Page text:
If you’re a front-end developer, you may have heard about using Kubernetes in your organization. We get it! You’ve got more than enough with the technologies you’re already using. But fret not, we’re about to answer all your burning questions, like what the heck is Kubernetes, why would a frontend developer use Kubernetes, why Kubernetes for front-end developers anyway, how are you supposed to use it, and more!
What is Kubernetes anyway?
Kubernetes, also known as K8s, is the most popular container orchestration tool. This kind of tool becomes a must when a business leaves behind the monolithic application model, or even the backend-frontend one, and adopts a microservice model. What once was an enormous application becomes a series of loosely coupled microservices. Each one of these microservices runs in a container, which is a technology that enables a lightweight isolation environment. Multiple replicas – of multiple microservices – are then scheduled in a series of machines on the cloud to ensure availability at all times. Some containers crash over time, some of them must be destroyed, and some of them must start. The only way to efficiently manage such a large number of services is by using a tool that automates the operations – like Kubernetes.
Why would a front-end developer use Kubernetes?
The adoption of the microservice model may happen for several reasons. For example, leveraging the power of the cloud, or the ability to scale up and down according to demand. One of the most important reasons, though, is accelerating development. As microservices are loosely coupled, teams become much more independent, because they can make decisions more freely. Updates on a single microservice can be rolled out as soon as they’re ready, as they don’t depend anymore on the rest of the application to be reassembled. And more advantages that we already listed in this blog post.
Once the application undergoes the change of paradigm, the front end inevitably becomes part of this new architecture. Even more, just as the back end is split into microservices, the front end may also be split into micro frontends to enjoy the same benefits.
So why would a front-end developer use Kubernetes? Well, they certainly can choose not to learn anything new and focus on HTML, CSS, JS, and so on… But being aware of how the overall application works on Kubernetes can bring opportunities for improvement. Having the ability to define how the application is deployed on Kubernetes, front-end developers become a part of the release journey of their project, can optimize the configuration and make it more scalable, and even detect and fix crucial micro performance issues.
Why Kubernetes for front-end developers?
Web applications are perfectly fitted to be containerized and orchestrated with Kubernetes. Airbnb is an example of this – They started with a monolith, but over time the modules became too tightly coupled. In 2015, it would be blocked an average of 15 hours per week (!!) due to reverts and rollbacks. So they decided to shift to a microservice-oriented architecture and have been using Kubernetes since 2017.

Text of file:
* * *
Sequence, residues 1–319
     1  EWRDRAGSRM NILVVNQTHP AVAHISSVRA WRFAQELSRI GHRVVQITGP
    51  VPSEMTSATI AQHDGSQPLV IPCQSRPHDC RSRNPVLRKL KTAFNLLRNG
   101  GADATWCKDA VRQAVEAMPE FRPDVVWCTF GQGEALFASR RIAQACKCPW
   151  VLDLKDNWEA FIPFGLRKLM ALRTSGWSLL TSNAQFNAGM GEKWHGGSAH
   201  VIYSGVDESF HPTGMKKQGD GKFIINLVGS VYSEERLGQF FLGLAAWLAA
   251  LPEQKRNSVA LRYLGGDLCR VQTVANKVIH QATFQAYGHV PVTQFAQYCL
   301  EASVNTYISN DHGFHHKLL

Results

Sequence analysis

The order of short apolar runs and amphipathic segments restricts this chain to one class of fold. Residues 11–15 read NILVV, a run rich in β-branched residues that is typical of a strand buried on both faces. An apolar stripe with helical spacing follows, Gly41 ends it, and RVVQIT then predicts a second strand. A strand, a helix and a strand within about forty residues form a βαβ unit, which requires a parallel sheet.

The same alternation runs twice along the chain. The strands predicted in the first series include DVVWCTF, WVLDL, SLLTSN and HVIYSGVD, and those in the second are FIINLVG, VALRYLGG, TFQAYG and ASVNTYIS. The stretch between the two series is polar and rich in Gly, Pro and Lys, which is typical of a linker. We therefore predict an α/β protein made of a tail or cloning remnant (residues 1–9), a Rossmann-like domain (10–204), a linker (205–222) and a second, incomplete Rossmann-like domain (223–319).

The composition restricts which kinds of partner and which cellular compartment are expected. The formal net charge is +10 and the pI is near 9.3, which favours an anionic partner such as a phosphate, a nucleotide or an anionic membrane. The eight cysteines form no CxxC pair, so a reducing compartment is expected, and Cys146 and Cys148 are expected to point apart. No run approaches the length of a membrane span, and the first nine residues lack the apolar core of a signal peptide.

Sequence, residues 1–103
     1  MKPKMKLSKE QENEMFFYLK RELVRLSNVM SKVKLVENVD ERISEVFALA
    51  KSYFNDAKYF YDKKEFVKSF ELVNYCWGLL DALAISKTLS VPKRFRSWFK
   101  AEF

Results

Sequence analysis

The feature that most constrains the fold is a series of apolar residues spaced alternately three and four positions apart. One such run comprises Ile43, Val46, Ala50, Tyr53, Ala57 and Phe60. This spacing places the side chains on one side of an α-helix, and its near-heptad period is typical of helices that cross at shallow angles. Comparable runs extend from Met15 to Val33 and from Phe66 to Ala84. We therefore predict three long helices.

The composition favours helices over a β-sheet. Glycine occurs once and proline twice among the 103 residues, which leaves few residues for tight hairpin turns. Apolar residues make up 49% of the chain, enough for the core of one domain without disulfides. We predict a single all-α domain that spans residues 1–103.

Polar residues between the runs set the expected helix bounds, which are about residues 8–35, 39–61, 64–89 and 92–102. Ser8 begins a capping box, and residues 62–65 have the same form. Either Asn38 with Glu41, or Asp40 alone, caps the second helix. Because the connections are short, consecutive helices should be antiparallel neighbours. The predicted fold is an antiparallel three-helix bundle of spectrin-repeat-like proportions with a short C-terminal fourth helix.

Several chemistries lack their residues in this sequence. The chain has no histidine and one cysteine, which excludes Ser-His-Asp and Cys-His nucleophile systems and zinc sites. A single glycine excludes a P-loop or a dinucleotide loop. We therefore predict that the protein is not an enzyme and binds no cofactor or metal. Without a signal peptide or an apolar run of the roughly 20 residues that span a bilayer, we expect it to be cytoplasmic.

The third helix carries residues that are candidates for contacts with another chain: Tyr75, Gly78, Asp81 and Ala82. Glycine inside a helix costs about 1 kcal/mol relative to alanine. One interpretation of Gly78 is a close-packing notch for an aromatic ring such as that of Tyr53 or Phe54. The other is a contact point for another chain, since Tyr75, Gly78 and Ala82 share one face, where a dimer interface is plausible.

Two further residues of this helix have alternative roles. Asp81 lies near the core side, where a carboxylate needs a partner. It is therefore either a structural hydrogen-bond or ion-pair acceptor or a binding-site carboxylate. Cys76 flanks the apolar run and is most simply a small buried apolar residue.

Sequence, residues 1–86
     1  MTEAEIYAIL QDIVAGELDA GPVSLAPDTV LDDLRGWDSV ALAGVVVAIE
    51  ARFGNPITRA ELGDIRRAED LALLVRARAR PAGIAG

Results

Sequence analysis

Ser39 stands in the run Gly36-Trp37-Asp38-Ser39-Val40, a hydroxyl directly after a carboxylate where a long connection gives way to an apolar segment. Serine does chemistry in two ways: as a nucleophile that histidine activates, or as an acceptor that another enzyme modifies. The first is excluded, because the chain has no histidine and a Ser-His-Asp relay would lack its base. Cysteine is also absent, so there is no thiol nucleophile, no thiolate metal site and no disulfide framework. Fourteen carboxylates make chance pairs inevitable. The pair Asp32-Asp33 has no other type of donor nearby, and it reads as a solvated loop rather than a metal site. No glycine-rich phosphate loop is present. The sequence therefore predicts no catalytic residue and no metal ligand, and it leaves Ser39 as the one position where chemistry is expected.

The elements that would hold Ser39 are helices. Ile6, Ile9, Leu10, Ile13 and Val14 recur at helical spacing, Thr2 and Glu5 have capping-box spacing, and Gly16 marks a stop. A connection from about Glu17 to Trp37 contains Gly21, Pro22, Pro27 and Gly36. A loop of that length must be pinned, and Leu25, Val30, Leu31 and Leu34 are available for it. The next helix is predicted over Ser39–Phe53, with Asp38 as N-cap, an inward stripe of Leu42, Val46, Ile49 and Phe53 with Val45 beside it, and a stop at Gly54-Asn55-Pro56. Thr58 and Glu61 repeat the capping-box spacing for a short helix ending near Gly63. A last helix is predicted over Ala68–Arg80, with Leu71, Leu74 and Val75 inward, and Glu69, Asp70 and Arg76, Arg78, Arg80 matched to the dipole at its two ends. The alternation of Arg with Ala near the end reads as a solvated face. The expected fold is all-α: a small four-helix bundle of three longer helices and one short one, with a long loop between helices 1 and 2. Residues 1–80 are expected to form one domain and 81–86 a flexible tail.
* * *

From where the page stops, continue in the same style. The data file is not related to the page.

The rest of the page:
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Ok, so what is…? Super fast glossary!
If you are this far into the article, we’re going to assume that you’re interested in learning about K8s. Here you have a super fast glossary so that you can get an understanding in a glimpse.
- Container – technology that makes it possible to run an application and its dependencies in a lightweight isolated environment. Docker is the most well-known container runtime.
- Image – all the binaries, dependencies, scripts, etc. that a microservice needs to run. A running instance is called a container.
- Pod – smallest deployable unit in Kubernetes. It usually wraps a single container, sometimes more than one.
- Node – machine in a cluster, probably virtual. In Kubernetes, there are two kinds of nodes – master nodes that run the control plane, and worker nodes that run the containers in pods.
- Cluster – a group of working nodes and a master node (and usually a replica of the master for backup).
- Container orchestrator – a tool that manages the containers’ lifecycles and schedules them according to the declared desired state. The most prevalent is Kubernetes, but there are more, like Docker Swarm, Apache Mesos, and others.
- Container repository – registry where container images are stored for usage.
- Docker – platform to build, share and run containerized applications.
- Namespace – a mechanism for isolating groups of resources within a single cluster.
- Deployment – in Kubernetes, a deployment is an object where the desired state of an application is declared, so that K8s knows how to create or modify the pods.
- Service – in Kubernetes, a service is a way of exposing a logical group of pods, so that they can be accessed by other pods or from outside the cluster.
- Ingress – an API object that manages external access to the services in a Kubernetes cluster, typically HTTP.
How do I use it?
Now, you probably want to know how a frontend is deployed and connected to a backend in Kubernetes (and we wholeheartedly encourage you to do it). In that case, you have an excellent resource in the Kubernetes online documentation: Connect a Frontend to a Backend Using Services.
The linked article teaches you how to:
- create and run a sample hello backend microservice using a Deployment object,
- use a Service object to send traffic to the backend microservice’s multiple replicas,
- create and run an nginx frontend microservice, also using a Deployment object,
- configure the frontend microservice to send traffic to the backend microservice, and
- use a Service object of type=LoadBalancer to expose the frontend microservice outside the cluster.
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